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2.2. Other Medical Positions Anivarano Hospital Dr Ginette is the only qualified doctor for the surrounding 100,000 patients! She works tirelessly at the small hospital and in the (busy) maternity ward. She gets help from a midwife and a dentist. She speaks fluent French and good English as is always willing to have medically qualified or interested volunteers work alongside her – for a maximum of two weeks. Accommodation etc is listed below under the costs section. Diego Suarez Hospitals There are two hospitals in Diego and we have contacts at both the state run hospital and the military/private hospital. At any one time the doctors rotate so it is not possible to say in advance where you would be allocated. In any event we have doctors who speak English and who welcome premed/med students and qualified personnel. They are ‗full service‘ hospitals with surgery, obstetrical and pediatric wards. We allow medically focussed volunteers to work alongside the doctors at these hospitals to gain an insight into life at a city hospital. For further details please contact our Medical Director.

2.3

Teaching Positions

It is an advantage, but not a requirement if you have had previous experience of ‗Teaching English as a Foreign Language‘ or have completed a basic TEFL course before. If not, we would expect you to have read a TEFL text book and our TEFL notes. There are some basic materials at our schools, but whatever you can bring out will be much appreciated – particularly ‗early learning‘ children‘s books. In addition we it is extremely useful to have some basic French to help communicate with the school staff. Maventibao School This is a new school established in 2010. It has 25 children who are aged between 2-10. They come from Maventibao and its surrounding villages. All volunteers are expected to help in teaching English and other lessons at our local school and will get to know all the children who live in our village.. Mahamasima School This is a primary school where the 160 or so children are aged between 7-12. They come from the surrounding villages, as well as the children of the guides who offer their services in the local National Reserve – Ankaranana, which has its entrance across the road. The head teacher needs help with teaching English which is part of the curriculum but no-one in the village speaks English! This position is for a volunteer who can stay with us for 4 weeks. The volunteer will be expected to work Monday to Friday 7.30am to 12.30pm at the school and the afternoons teaching English to the guides who work in the National Park. Weekends will be free to walk or camp in the National Park. Further details about the Park and the accommodation here are set out at the end of this guide. Anivarano School The work involves teaching at the large secondary school in a small rural town. The local economy is predominately agricultural based. The school has 700 pupils aged 12-16. The volunteer will teach English Monday to Friday from 8am to 3pm, with a break for lunch. The baccalaureate in Madagascar has English in the curriculum but it is only sporadically taught at this school due to the lack of teachers. Volunteers will also be encouraged to join in the teaching of football/soccer and other sports. Details of the housing etc in Anivarano are included below. To ensure best use can be made of the volunteer‘s time, this position is for periods of 4 weeks or more.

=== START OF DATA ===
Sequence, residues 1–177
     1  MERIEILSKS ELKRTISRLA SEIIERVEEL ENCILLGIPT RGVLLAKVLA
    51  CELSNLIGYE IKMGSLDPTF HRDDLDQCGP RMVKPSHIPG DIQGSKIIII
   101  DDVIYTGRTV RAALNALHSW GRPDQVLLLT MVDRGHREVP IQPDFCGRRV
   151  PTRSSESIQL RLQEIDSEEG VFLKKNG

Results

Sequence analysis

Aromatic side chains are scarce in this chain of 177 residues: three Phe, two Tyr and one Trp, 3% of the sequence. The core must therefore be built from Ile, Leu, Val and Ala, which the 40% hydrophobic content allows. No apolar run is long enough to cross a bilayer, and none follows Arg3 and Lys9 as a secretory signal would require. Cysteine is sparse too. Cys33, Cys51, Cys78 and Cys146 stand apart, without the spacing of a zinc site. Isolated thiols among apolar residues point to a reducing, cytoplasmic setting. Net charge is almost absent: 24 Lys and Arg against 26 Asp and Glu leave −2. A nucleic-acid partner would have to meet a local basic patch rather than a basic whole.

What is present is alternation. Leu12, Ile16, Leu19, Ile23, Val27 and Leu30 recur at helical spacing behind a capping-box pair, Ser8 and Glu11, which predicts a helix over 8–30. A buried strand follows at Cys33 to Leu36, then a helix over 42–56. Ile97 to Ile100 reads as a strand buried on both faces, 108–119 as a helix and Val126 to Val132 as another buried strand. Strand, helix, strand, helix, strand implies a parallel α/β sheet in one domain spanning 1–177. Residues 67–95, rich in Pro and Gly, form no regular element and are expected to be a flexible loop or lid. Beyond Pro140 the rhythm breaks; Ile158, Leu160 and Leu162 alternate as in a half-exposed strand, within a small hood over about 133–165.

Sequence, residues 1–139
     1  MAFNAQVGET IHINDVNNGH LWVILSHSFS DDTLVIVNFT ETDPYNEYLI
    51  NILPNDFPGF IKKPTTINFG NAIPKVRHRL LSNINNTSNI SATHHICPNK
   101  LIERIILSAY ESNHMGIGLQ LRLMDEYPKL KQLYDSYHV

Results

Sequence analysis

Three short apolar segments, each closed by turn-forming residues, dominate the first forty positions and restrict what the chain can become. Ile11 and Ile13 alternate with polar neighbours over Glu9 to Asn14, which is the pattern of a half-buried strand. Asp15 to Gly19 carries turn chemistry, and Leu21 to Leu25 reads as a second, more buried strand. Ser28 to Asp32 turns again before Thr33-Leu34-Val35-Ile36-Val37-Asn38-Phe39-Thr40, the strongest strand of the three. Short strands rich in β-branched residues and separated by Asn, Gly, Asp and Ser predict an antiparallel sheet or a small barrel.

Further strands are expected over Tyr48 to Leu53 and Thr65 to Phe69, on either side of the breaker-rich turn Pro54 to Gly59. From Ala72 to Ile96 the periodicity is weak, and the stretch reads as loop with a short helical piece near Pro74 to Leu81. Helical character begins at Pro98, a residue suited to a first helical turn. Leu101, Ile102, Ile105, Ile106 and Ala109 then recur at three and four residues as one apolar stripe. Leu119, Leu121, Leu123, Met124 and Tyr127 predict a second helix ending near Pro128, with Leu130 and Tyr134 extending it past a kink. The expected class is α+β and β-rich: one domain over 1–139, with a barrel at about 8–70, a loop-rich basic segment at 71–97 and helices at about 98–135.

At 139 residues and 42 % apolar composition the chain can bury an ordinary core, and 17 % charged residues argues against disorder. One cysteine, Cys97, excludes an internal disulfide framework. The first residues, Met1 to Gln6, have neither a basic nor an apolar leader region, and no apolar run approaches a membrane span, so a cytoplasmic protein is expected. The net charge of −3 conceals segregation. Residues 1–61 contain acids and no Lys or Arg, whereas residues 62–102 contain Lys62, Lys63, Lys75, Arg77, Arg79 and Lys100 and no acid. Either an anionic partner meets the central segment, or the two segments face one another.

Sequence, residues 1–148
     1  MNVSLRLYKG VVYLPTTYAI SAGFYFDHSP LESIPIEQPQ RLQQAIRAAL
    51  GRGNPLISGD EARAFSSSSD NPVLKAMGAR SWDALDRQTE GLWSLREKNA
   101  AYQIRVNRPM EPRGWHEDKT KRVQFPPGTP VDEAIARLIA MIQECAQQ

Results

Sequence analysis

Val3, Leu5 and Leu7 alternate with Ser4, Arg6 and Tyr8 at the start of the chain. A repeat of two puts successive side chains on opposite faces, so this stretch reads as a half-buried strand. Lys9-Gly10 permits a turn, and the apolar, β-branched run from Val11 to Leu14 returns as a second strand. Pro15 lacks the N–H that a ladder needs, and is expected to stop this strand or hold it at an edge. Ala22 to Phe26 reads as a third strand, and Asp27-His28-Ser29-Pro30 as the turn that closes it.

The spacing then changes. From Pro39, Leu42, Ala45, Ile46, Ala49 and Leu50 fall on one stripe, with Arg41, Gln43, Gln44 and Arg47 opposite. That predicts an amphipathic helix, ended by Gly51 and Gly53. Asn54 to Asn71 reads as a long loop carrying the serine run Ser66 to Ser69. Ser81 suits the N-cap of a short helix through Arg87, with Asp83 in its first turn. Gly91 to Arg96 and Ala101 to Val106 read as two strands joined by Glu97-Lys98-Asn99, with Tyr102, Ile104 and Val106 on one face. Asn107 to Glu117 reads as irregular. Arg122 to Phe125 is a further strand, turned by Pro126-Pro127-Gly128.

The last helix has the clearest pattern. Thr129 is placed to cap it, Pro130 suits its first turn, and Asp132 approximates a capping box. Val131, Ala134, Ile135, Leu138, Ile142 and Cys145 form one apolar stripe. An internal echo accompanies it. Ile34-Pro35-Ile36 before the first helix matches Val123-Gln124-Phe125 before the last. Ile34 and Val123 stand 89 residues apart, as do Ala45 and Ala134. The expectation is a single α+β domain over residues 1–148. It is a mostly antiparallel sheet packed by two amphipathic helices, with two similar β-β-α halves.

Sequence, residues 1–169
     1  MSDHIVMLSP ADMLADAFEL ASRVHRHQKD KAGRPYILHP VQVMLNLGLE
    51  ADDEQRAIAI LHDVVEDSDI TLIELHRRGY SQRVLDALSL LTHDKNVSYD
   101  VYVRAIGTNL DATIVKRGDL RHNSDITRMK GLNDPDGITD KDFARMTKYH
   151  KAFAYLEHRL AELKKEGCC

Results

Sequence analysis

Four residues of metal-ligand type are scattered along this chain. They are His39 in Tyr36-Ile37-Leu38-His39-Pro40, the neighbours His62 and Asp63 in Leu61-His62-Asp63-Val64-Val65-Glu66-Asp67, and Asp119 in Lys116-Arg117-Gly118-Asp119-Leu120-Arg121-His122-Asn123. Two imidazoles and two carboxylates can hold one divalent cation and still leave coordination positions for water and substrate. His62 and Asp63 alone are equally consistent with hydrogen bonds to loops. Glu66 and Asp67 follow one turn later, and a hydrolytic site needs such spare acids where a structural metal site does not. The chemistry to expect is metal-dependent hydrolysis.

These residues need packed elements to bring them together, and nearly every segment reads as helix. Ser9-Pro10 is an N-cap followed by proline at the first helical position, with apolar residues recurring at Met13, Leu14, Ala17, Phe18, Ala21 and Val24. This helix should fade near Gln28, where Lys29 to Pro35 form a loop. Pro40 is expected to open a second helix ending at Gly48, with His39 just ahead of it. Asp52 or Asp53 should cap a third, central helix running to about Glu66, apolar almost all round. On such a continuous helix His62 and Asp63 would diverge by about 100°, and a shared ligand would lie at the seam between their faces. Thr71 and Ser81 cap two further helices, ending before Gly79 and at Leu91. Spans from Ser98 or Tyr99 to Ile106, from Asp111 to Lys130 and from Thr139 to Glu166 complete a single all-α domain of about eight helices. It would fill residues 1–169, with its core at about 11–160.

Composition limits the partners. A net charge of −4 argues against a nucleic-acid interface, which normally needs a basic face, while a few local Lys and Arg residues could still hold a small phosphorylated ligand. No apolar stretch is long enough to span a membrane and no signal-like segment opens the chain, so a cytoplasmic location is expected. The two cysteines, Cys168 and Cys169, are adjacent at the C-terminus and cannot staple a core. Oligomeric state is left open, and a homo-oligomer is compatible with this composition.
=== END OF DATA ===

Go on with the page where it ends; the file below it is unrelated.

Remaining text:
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3. Our Work at the Clinic 3.1. Background Since Mada Clinics was set up approximately 5 years ago it has provided free health care and medicines to the people of Maventibao and surround villages and now provides health care for approximately 15,000 people in a 14 village district. Without Mada Clinics, the local population would have to walk at least 1½ hours to the nearest main road then take a bus journey of over 25miles/35 kilometres, and most cannot afford the fare, let alone the cost of the medicines. Both of clinics offer basic facilities for primary health care. Each clinic is staffed by one nurse, but like all malagasy nurses they are trained to act more like ‗western‘ doctors - diagnosing medical conditions, performing minor procedures and dispensing medications.